The situation is similar for Dong Wang, who operates a small dumpling cart on the edge of the lake. He is the only earner he earns for his family, but his earnings have dropped from about $ 200 ($ 130) a day to just $ 50.

“There’s nothing I can do,” says Wang, who comes from China but is a permanent resident of New Zealand. “It’s so hard to find a job. I just keep going.”

Others in Queenstown face an additional problem – they are not citizens or permanent residents of New Zealand, so they cannot receive unemployment benefits. Statistics show that 40% Queenstown residents on the last Overseas Birth Census, although it is not clear how many permanent residents there are.

A worker at a souvenir shop in Queenstown who arrived from China six months ago and who did not give her a name for fear of retaliation says she will soon be redundant. If he can’t find another job, he may have to return to China, she says.

Boult says: “The council provides vouchers for food, medical assistance, assistance with utility payments and even warm clothes, but believes the issue of unemployed migrant workers is a‘ humanitarian crisis in the making ’.

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Attracting tourists

For now, since New Zealand’s borders are closed to almost all foreigners, only people who are already in that country can visit it Queenstown.
In the past, New Zealanders have avoided Queenstown because there are so many international tourists. Now the city is trying to lure them there – Boult even did it bungy jump to mark the easing of coronavirus restrictions in the country in May.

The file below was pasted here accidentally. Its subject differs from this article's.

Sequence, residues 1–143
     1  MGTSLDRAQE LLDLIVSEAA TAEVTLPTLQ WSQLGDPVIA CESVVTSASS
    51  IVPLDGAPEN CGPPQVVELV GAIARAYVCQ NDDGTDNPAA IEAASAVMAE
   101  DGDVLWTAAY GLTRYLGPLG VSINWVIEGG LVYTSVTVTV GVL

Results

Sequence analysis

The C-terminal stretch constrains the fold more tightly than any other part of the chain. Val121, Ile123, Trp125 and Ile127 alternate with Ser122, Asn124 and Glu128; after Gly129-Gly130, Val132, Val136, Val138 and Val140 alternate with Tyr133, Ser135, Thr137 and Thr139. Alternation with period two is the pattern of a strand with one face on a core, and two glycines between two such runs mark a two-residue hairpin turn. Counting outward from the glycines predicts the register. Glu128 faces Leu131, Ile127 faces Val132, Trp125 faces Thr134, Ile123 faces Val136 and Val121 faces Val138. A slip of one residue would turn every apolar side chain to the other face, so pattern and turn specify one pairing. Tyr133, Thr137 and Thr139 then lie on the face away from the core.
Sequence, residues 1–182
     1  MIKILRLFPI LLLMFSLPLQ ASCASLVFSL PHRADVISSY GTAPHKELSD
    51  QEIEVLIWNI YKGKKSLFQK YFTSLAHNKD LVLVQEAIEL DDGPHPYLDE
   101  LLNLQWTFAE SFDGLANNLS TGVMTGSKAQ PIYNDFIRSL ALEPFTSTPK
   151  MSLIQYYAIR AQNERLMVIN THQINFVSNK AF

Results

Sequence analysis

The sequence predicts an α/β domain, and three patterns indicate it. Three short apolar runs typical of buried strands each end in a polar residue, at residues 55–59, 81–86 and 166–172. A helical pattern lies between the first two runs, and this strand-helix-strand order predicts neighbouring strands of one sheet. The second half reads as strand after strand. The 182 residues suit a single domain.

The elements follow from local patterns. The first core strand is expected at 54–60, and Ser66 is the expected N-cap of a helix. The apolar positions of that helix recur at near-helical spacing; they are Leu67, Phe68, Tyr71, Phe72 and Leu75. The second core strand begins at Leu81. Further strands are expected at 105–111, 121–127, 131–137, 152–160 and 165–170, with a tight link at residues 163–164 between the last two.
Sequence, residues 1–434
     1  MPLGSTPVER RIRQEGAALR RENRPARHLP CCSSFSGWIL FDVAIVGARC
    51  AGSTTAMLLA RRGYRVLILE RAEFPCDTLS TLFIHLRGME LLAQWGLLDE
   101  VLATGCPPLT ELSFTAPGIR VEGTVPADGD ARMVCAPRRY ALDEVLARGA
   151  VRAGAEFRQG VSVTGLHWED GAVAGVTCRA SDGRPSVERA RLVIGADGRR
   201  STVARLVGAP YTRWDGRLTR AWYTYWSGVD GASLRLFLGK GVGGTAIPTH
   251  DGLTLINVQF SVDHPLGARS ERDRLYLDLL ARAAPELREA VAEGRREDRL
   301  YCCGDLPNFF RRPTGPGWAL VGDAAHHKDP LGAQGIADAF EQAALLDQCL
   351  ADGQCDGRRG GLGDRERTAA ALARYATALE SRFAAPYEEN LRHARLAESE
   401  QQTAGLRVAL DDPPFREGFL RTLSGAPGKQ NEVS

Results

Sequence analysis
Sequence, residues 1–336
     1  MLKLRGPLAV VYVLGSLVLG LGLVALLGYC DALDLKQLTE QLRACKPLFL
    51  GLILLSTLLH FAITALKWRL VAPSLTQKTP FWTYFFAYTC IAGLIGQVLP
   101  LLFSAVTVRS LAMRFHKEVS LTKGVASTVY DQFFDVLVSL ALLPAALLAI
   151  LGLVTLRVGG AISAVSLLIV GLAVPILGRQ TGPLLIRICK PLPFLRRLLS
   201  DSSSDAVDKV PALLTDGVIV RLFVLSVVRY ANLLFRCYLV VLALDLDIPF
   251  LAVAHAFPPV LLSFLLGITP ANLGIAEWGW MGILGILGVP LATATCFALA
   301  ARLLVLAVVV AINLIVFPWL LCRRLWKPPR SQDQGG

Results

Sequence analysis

Over the past holiday weekend, companies reported booms as people from across the country descended the city.

But, says Boult, companies “won’t survive” only on domestic travelers. He hopes the trans-Tasman bubble will be launched by July for the ski season, where Australians make up 30-40% of customers.

“This is really a creation or a rupture,” he says, adding that if there is no mix for trans Tasman by July, more companies will fail and more jobs will be lost.

Boult believes Queenstown may not return to its pre-Covid tourist levels in terms of arrivals, and is already considering ways the city can diversify, including whether it can switch to the education, film and medical tourism sectors.

Simon Milne, a professor of tourism at Auckland University of Technology, says all predictions should be taken with a grain of salt. But he says Queenstown – a place where so many economies are based on tourism – will be hit harder than many other parts of New Zealand.

For those who can still visit Queenstown, the current situation is not all bad.

Canadians Anna Wilhelmus and Kristy Caldwell visited Queenstown on Friday. Their headquarters are in Christchurz where they are halfway through a year of study abroad, but they decided to go down to explore the area.

“It’s kind of nice to have it all to myself,” Caldwell says.